By Niall Anderson in Melbourne
The Black Caps batsmen have been presented with the ultimate challenge by the Australian fast bowlers, and they might not be able to overcome it.
Having mustered just 725 runs in four innings in Australia, the Black Caps have had no answers to the probing questions asked by the Australian seamers, who have regularly ripped through the top order and left the visitors in dire positions.
"Australia have three bowlers that come in and bowl 145km/h, and a spinner that's taken over 300 test wickets, so you're always up against it, you don't get a reprieve – that's the hard thing for us," Black Caps coach Gary Stead analysed.
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By going up against three bowlers of express pace and bounce – Mitchell Starc, Pat Cummins and James Pattinson – many of the Black Caps batsmen have been given an unprecedented task, having never faced that type of speed – for that length of time – in their careers so far.
"We do have some surfaces that bounce at home, but finding guys who are 6'3" and can bowl at 145+ is not easy, and I can assure you that if we had five or six of them in line then they'd be in consideration. It's just the reality – we're a small cricketing nation, we fight hard, and that's all we can continue to keep doing," Stead reasoned.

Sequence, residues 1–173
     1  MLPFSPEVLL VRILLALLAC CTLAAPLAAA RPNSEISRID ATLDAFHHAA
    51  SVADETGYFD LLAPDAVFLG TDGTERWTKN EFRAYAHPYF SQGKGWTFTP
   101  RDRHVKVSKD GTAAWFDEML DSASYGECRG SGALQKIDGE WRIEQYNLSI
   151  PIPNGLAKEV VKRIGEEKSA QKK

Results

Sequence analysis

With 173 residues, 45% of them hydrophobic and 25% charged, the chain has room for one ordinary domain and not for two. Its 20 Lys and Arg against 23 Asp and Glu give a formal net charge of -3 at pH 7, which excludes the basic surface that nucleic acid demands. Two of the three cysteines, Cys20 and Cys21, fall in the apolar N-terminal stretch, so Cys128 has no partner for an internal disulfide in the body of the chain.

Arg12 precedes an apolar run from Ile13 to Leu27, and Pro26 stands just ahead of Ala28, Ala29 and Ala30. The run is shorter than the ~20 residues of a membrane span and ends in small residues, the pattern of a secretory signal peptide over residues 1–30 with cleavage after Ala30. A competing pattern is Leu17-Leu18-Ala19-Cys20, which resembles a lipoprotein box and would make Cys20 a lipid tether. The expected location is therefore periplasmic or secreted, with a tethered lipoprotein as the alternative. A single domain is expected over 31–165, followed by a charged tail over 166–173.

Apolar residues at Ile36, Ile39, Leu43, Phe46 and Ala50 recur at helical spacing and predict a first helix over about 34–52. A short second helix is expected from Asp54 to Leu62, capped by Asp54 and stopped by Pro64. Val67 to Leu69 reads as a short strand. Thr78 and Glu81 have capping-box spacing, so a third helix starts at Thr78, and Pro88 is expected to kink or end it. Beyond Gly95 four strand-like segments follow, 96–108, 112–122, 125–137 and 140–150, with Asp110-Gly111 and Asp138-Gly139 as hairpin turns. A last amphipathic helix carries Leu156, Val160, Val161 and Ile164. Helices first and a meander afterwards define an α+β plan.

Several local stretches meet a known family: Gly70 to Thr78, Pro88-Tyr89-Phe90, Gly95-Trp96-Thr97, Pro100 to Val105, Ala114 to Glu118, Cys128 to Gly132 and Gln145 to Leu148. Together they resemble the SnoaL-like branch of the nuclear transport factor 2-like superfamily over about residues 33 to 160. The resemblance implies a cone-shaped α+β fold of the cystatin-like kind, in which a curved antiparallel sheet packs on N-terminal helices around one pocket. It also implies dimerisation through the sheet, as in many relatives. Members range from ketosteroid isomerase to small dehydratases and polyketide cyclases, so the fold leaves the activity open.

"We try hard to work with the guys to say 'How can we develop you?'. We have plans in place, we've worked hard with the tail as well about how we try and eke out more runs. But unless you're doing that day-in day-out for a long period of time, change is quite difficult to see in a very short period. But that's our challenge – to try and find those ways to have the players getting comfortable being uncomfortable, because that's what Australia do to us all the time."
However, the lack of experience at facing this type of bowling – and subsequent lack of results – has left Stead wondering if New Zealand's cricketing pathways need further work.
"We'll work and look at the developmental areas of our game, through our first-class program and our A program, and it's certainly always something that's discussed – how can we develop people that can be successful all around the world? Australia no doubt is one of the toughest places in the world to come and win.
"It's not the first time we've been beaten and it probably won't be the last either. Our ethos is to find small improvements, because you don't find massive gains all of a sudden at this level. For us it's about chipping away, and doing the simple things as well as we can."
Unfortunately for Stead and the Black Caps, based on the nature of their first two defeats, a massive gain is exactly what will be required to claim victory in Sydney.